Yesterday, at a conference held at the Louvre Museum in Paris hosted by Francois Hollande, the French president announced that a total of $75.5 million (€70 million) has been pledged, by seven countries and an American philanthropist, for a UNESCO-backed fund to protect cultural heritage sites all over the world from war and terrorism.
The Geneva-based International Alliance for the Protection of Heritage in Conflict Zones (ALIPH), which oversee the UNESCO initiative, is hoping to raise a total of $100 million by 2019.
France pledged $30 million to the fund, Saudi Arabia is giving $20 million, and UAE, which is a co-host has promised $15 million. Other supporting countries include Kuwait ($5 million), Luxembourg ($3 million), and Morocco ($1.5 million). Switzerland has promised logistical support valued at $8 million.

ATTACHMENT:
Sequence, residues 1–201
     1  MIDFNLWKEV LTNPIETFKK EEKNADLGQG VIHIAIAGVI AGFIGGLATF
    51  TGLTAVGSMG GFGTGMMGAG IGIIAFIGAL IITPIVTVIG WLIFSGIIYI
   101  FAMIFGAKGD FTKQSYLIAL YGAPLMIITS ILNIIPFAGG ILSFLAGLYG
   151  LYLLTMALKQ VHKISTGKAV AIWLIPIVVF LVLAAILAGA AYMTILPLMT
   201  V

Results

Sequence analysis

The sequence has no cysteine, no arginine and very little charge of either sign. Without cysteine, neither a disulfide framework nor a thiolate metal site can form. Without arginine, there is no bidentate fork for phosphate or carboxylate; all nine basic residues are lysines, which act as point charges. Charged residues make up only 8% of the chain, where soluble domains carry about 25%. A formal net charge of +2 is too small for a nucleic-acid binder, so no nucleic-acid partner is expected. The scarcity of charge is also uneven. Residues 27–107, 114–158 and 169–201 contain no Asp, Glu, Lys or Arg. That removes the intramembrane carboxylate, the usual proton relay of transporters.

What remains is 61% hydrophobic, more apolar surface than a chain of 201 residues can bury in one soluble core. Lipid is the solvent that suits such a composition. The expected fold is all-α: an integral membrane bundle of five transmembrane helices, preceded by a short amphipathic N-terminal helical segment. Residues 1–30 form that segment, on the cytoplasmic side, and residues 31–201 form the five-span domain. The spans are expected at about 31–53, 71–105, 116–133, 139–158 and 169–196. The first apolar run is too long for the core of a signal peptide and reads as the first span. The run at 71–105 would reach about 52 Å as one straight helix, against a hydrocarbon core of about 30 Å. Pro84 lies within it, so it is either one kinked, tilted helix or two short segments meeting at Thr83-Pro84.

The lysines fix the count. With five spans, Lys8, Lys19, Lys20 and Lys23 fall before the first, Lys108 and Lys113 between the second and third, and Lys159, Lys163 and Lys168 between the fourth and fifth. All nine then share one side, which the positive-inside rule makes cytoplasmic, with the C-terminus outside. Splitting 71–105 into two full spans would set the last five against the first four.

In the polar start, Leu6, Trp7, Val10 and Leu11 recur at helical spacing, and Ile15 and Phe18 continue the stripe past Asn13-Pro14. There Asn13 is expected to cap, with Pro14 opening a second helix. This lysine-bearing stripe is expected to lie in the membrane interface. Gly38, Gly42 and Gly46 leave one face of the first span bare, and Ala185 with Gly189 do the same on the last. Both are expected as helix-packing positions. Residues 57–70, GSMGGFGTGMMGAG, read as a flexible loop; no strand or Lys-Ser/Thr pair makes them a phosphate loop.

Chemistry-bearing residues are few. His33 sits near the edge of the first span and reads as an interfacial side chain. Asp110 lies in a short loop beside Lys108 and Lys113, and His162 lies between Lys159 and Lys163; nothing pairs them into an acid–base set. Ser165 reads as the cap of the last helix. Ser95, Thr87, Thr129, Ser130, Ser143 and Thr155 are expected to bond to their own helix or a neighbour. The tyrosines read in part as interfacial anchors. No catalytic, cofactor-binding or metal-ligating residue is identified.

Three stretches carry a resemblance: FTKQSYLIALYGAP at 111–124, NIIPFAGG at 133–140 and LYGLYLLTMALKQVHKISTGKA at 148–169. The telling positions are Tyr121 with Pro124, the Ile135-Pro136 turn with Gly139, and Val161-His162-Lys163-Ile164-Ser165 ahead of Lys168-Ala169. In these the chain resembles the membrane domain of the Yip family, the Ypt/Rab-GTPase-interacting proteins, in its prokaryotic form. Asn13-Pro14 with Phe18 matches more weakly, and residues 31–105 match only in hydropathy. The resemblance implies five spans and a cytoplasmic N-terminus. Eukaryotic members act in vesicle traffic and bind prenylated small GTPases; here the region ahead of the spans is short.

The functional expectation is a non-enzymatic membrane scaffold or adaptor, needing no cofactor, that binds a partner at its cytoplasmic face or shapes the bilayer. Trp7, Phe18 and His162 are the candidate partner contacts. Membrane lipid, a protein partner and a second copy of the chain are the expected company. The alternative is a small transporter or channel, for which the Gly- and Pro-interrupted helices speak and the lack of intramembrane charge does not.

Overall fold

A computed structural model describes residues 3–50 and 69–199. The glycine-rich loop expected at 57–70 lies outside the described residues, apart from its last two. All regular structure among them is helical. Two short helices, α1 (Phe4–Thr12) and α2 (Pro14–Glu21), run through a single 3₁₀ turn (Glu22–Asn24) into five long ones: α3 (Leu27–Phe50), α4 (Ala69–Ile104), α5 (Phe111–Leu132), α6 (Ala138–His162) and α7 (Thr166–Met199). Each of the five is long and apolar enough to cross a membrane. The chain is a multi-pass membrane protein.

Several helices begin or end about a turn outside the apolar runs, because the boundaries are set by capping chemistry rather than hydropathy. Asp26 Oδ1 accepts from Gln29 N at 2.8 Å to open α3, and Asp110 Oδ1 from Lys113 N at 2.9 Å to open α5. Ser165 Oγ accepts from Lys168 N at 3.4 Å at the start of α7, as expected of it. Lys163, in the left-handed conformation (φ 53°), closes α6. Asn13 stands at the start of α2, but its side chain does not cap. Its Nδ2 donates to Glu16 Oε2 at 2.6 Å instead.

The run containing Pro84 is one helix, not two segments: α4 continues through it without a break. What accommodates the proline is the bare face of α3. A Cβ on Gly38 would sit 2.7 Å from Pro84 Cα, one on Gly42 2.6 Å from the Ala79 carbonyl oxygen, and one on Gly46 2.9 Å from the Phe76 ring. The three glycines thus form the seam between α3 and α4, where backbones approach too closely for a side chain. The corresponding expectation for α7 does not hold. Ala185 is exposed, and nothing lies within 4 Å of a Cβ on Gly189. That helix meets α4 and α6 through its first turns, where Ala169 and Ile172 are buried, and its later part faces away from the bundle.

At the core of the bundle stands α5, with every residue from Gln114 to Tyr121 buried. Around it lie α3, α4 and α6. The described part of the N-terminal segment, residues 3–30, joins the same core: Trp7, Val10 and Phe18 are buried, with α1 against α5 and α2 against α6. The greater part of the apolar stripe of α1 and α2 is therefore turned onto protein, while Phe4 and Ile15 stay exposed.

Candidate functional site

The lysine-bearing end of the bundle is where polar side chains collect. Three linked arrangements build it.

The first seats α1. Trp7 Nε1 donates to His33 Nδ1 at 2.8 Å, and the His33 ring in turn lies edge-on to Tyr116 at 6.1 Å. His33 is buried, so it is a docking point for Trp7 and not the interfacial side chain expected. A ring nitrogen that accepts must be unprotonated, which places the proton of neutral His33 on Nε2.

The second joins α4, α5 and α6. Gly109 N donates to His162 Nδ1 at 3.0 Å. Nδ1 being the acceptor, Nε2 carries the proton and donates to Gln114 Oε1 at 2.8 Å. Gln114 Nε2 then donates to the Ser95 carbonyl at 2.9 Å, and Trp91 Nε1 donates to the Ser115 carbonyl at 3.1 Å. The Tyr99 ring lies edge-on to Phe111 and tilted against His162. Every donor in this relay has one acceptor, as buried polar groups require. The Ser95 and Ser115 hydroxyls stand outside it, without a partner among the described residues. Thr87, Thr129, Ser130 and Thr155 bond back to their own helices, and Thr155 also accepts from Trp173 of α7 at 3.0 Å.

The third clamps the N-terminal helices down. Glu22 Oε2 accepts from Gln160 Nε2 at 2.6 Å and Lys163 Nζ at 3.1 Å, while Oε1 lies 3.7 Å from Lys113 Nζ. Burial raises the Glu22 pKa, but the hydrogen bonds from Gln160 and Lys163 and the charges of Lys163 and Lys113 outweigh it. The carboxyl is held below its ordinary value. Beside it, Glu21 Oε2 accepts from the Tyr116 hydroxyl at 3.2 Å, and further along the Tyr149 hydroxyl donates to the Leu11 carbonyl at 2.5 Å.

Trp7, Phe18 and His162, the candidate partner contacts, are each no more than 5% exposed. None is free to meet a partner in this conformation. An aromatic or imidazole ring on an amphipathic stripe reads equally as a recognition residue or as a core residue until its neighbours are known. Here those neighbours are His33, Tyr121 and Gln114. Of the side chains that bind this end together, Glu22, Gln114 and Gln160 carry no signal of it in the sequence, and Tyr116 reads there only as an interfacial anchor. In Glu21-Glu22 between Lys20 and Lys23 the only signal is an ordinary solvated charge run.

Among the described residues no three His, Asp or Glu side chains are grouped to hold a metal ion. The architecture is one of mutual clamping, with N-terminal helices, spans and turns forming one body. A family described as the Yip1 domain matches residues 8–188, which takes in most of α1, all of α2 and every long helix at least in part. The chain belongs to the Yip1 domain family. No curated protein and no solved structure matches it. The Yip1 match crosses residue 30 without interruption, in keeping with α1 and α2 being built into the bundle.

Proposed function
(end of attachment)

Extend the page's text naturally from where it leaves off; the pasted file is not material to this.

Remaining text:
Notably absent is the United States. American philanthropist Tom Kaplan promised $1 million.
“At Bamiyan, Mosul, Palmyra, Timbuktu, and elsewhere, fanatics have engaged in trafficking, looting, and the destruction of cultural heritage, adding to the persecution of populations,” said Hollande according to a report by Agence France Press.
More funds and in-kind support is expected from countries including Britain, China, Germany, Italy, Mexico, and South Korea. Forty countries pledged their support at a conference in Abu Dhabi.
Further, a network of safe havens was created for endangered artworks, allowing at-risk property to be stored abroad if needed, though this measure is regarded as a last resort.
In his speech yesterday, Hollande emphasized that steps would be taken to ensure that sovereignty principles are respected.
Follow artnet News on Facebook.